Looking at Suzan Shutan’s Work in A Contemporary Art Exhibit

The first time I saw art work by Suzan Shutan, I sensed a political reading.  Just in the way the works were installed, on both wall and floor, wrapping around corners, weaving mid-air.  I read the subject of “environment” before I even got near enough to note the material used, the titles of the work.  The seeping large shape of looped material poured out of and off the wall, continuing its path onto the gallery floor.  The visual read as suspended or slowed-down liquid flow, something rather beautiful and intricate and yet unsettling at the same time.

Once closer to the work, it became more apparent as to what I was responding to and why.  The material used to create these intricate woven constructions is tar roofing paper joined with industrial glue.  The roofing paper is wholly visible as roofing paper, as tar paper used for roofing, as direct as is the gluing process holding the loops together.  No attempts are made to alter the material as it reads industrial, bitumen, asphalt, oil.  Integrated within these loops are sporadic holdings of vibrant areas of color composed of lokta paper, another durable resinous paper; a material time-honored for its role in the preservation of sacred texts.  Shutan’s treatment of both kinds of paper are the same; both are looped, crocheted-like, and incorporate varying sizes.  The transition from wall space (conventional viewing area for 2-d work) to floor space (traditional sculpture) is the art category integrating, or, “the straddling of both worlds” Shutan speaks of.  But we also read the symbolic in the integration of material within its equally significant method of display.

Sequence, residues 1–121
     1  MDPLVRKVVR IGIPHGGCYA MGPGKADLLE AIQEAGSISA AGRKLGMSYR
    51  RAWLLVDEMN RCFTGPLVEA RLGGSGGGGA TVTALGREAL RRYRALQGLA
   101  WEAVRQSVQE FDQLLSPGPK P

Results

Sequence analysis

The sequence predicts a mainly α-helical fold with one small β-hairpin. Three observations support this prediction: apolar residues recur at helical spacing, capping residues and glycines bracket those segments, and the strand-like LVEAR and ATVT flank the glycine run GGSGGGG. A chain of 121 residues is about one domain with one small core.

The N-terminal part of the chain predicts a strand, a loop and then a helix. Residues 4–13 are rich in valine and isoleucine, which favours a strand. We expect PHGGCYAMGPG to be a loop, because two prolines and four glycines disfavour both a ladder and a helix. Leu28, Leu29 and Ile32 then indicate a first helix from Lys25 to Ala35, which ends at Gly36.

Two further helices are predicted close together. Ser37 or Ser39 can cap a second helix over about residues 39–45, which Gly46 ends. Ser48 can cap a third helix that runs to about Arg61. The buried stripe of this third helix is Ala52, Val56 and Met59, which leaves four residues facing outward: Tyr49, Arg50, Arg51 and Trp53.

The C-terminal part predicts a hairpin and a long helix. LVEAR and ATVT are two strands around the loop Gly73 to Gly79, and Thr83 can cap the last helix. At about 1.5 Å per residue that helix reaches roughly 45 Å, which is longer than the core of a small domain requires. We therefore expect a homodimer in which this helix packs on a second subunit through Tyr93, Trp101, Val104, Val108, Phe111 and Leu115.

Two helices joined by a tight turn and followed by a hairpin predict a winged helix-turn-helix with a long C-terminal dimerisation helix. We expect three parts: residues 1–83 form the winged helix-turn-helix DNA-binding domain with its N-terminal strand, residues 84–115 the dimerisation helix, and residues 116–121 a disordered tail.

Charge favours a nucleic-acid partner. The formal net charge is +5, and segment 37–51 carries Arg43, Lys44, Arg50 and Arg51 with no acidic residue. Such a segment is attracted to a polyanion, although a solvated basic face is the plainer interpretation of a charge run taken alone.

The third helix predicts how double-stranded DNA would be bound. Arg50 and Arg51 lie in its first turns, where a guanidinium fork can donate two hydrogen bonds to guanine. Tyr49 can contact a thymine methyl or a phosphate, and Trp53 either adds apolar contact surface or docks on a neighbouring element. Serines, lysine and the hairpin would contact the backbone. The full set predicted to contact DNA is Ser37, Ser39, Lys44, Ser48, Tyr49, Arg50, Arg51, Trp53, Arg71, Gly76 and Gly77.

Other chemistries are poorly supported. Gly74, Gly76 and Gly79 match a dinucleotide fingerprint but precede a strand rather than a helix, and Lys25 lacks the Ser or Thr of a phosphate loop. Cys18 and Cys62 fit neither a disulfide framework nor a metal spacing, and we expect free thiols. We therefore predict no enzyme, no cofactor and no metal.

Where we find Shutan’s work in the evolving discipline of art is somewhere between the Public Art social (an example might be Serra’s Tilted Arc) and the Earth Art political (Carl Andre’s Stone Field Sculpture or Christo’s pink islands of Biscayne Bay).  Her past work (inspired by artists Andy Goldsworthy and Maya Lin) shows a connection to the environment and to the society and back again.  The pieces engage in the language of Earth Art, Land Art, when artists were abandoning the conventional space in order to get their political messages out there.  Here is where today’s world enters in – and, where I find Shutan’s oil-industry loop pieces to have the potential for moving our cloistered art world back into the real one.

 

If Shutan’s works such as “Ooze” and “Drift” were exhibited outside the gallery, as public art pieces – how effective would their language be?  By exhibiting inside the gallery space instead, given the context of this space, this venue for showing art – and observing the artwork’s activity within it (seeping, moving, gradually spilling over) the work lends itself in metaphor and maybe broadens the meaning to include the very art world her pieces find themselves in. 

Our environmental dilemma is echoed in these intricately designed loop constructions which take aim at the gradual formation of “cultural debris in our industrial enterprises” and, maybe, at our mutual acceptance of the closed-loop commodification and commercial sale of art itself.   

Since Shutan’s Ooze and Drift are exhibited inside a gallery, seen alongside other artwork – we need to figure out how we read it given its context.  The other work may allude to landscape, environment, the natural world and, in their making, be somewhat similar in the gluing and pasting of paper.  This is the common ground that works wonderfully, but might it lead us to one large reading of “environment” and miss the tension or address, comment or menace of Shutan’s work?  Does the political to be found in Shutan’s work get lost in the formalist visual magic?